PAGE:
As much as people / users of technology love their machines and adapt to them, there is also a quiet rebellion taking place. The technology is a wild mustang that everyone admires, then each person begins to systematically tame within their own sphere. Bringing the technology down off its pristine pedestal to within reach of the user satisfies a human need. Bringing familiar virtual images from beyond the glass into actual touchable space where humans live and breathe enables users to experience those familiar things using all of the senses, not just two dimensional sight and sound. And don’t get me started with “immersive environments”. I’m referring to art immersing itself in the user’s environment. Put the funny glasses on the art, not the audience. The proof of all of this is in the audience response. I’ve seen it first-hand.
I actually am a fan of technology in all its forms as well as the raw earthy get down and dirty making of art – and combinations thereof! The irony is that my recent genre of art is the deliberately globby rough raw motif celebrating endearing design, that is typically these days, hi tech and pristine. It’s a Sweet & sour approach that, to me, is interesting and fun. Check out my article in http://bigdesignevents.com/2011/11/my-favorite-machine-a-work-of-art-celebrating-endearing-design/
Digital media and tools are in fact capable of many wonderful things, even miraculous things, not the least of which is textures and organic forms of all sorts. Still, at some point it may begin to feel a bit like brick patterned wallpaper. If a brick look and feel is what you’re after, Real bricks are generally better. :-]
Personally, I enjoy an extreme spectrum of materials, methods, and motifs and their contrasts. My latest piece, still in work, combines even more of these seemingly contradictory elements together, each unabashedly expressing its own nature in a soup of dichotomies. Hmmm, Maybe I’m crossing over from artist to mad scientist? Mhhhaaahaha!
Here’s another case of augmented reality showing some promise. In this demo video, users interact with virtual objects within a virtual 3D space superimposed upon the actual 3D space behind tha transparent screen. And this isn’t soccer; You are aloowed to use your hands.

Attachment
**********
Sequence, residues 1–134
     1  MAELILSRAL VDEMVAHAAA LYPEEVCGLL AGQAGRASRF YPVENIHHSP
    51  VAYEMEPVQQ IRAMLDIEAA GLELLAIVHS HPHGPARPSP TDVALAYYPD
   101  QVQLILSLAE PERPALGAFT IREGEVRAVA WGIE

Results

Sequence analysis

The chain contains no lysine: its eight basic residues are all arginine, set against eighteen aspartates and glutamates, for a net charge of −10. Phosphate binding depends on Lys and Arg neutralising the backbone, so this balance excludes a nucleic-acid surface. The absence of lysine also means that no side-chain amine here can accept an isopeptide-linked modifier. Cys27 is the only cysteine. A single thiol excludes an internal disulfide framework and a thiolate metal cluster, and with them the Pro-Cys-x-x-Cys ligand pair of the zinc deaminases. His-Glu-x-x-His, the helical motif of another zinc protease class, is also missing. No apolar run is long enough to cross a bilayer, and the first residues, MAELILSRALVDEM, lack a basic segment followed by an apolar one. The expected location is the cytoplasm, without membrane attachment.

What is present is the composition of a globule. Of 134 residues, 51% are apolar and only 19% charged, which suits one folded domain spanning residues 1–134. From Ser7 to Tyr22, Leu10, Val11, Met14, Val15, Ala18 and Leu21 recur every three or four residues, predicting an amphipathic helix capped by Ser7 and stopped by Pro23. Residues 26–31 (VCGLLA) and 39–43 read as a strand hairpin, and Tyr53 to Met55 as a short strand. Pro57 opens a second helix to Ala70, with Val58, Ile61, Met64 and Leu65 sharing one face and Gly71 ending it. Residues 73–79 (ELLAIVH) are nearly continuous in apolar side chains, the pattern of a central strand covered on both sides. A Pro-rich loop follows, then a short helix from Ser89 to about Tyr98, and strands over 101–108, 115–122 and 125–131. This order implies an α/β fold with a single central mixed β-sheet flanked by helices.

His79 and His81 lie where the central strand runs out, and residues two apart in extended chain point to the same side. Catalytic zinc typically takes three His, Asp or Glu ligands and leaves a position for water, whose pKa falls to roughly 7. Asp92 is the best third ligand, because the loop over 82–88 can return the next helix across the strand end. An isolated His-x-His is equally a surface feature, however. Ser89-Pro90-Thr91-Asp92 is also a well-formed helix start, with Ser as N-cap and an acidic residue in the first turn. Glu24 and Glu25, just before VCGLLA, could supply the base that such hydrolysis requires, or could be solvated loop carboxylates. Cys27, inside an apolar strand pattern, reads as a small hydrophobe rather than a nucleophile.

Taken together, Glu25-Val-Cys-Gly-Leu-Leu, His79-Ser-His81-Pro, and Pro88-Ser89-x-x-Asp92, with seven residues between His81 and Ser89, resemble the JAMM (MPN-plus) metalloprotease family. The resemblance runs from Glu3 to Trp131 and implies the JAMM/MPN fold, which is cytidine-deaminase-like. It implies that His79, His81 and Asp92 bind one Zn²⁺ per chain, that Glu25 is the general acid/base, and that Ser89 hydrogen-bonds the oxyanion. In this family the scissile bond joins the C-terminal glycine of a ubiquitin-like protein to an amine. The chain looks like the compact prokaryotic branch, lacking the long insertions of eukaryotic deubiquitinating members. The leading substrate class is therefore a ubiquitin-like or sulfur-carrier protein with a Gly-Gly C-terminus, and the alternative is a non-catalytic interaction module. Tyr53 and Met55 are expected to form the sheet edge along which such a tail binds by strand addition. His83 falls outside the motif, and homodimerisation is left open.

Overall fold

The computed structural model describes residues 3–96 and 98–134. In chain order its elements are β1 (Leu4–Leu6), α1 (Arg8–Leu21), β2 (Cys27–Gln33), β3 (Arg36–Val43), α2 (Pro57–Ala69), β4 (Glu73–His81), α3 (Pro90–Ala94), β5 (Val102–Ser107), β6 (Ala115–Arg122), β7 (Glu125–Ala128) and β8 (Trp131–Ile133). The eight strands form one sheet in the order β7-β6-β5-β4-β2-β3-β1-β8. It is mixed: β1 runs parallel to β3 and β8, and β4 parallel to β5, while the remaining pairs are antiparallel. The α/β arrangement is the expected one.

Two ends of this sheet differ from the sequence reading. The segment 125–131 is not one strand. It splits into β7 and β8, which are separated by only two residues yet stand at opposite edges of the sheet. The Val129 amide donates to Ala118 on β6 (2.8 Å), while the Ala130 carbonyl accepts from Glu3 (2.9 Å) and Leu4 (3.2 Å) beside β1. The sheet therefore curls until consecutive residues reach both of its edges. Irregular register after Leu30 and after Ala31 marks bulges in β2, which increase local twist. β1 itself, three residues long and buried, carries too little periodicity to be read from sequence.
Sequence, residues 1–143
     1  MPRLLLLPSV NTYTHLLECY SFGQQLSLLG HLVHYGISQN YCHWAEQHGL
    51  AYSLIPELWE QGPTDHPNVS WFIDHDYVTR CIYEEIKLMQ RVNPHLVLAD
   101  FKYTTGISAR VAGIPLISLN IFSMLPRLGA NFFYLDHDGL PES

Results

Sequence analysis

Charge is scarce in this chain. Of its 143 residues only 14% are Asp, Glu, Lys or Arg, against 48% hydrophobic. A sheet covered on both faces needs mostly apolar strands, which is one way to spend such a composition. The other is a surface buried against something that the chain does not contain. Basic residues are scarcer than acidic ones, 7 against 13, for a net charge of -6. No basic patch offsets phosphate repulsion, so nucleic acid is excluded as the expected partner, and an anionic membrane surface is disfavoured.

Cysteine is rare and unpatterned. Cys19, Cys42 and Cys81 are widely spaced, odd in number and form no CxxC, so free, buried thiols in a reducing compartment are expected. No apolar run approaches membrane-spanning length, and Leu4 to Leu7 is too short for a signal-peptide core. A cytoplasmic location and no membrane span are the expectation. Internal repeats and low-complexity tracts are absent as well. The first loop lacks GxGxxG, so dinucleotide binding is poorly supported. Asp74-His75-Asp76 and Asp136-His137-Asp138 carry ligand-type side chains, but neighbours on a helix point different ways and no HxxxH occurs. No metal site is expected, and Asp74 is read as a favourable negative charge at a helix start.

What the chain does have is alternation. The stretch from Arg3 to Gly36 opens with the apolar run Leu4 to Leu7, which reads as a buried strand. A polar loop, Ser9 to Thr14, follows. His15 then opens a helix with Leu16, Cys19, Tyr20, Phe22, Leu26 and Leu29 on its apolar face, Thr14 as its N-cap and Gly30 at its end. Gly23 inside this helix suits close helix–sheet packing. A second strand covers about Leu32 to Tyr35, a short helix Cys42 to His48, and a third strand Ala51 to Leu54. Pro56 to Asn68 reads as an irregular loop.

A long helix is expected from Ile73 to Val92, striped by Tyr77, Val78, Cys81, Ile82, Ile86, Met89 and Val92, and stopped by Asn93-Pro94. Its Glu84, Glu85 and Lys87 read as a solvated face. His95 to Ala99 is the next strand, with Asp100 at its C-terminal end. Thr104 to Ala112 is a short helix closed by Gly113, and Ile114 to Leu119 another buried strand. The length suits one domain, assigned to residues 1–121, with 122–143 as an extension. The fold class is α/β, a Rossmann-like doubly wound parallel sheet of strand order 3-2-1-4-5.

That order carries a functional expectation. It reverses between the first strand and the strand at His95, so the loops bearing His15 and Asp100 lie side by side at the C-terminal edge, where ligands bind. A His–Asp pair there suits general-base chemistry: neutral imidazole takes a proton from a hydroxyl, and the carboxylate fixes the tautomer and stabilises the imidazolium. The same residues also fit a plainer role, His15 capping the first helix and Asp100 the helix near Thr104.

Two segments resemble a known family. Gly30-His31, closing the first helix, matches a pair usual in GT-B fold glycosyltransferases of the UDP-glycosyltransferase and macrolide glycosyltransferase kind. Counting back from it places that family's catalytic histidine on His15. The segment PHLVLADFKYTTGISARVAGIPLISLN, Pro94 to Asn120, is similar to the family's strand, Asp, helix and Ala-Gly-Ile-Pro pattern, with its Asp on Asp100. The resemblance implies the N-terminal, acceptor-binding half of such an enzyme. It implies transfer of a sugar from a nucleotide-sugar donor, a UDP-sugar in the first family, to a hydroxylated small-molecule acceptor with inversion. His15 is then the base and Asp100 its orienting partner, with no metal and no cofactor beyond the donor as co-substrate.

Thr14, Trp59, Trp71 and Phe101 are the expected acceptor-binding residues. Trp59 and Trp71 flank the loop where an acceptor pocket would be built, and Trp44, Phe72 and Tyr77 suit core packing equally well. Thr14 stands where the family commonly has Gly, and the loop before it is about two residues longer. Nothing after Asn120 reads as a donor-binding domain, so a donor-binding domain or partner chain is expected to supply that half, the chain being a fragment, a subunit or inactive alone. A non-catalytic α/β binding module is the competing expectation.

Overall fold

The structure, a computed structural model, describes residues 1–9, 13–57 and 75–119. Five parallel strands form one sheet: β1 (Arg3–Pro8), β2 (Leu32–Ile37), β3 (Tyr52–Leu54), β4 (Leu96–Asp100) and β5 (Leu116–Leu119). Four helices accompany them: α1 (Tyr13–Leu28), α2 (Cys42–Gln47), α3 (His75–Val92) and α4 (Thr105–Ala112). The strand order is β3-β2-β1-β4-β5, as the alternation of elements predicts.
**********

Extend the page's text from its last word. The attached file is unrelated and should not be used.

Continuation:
Set aside the obvious cool factor, I am intrigued by the value in enabling truly 3D interaction. Having been a user of a number of 3D systems and having also done usability testing of some high end CAD and “FlyThru” visualization systems I can tell you that a chronic problem is the 2D bottleneck of input / output between (1) A 3D space containing 3D objects, albeit virtual, and (2) users who think in 3D, are themselves 3D beings, and are dying to interact directly with their 3D data in a 3D manner.
There have been many innovative attempts to solve this problem, most not very successful. One of the best is the 3D mouse (3DConnexion Spaceball, or space Traveler) that you might see on my desk occasionally. It is good enough to be addictive, even for just panning and zooming in Photoshop. In 3D such as CAD and GoogleEarth, it is awesome, combining multiple otherwise fragmented orthogonal motions into one fluid natural motion. But while it solves for motion in space it doesn’t really solve for manipulating objects.
Being able to use your hands directly in 3D can turn CAD into sculpting. Obviously, I’m going to like hat. There are still a lot of issues to solve (fatigue, perceptual problems, etc), but I think it is a significant step. And I might want one to try out. 🙂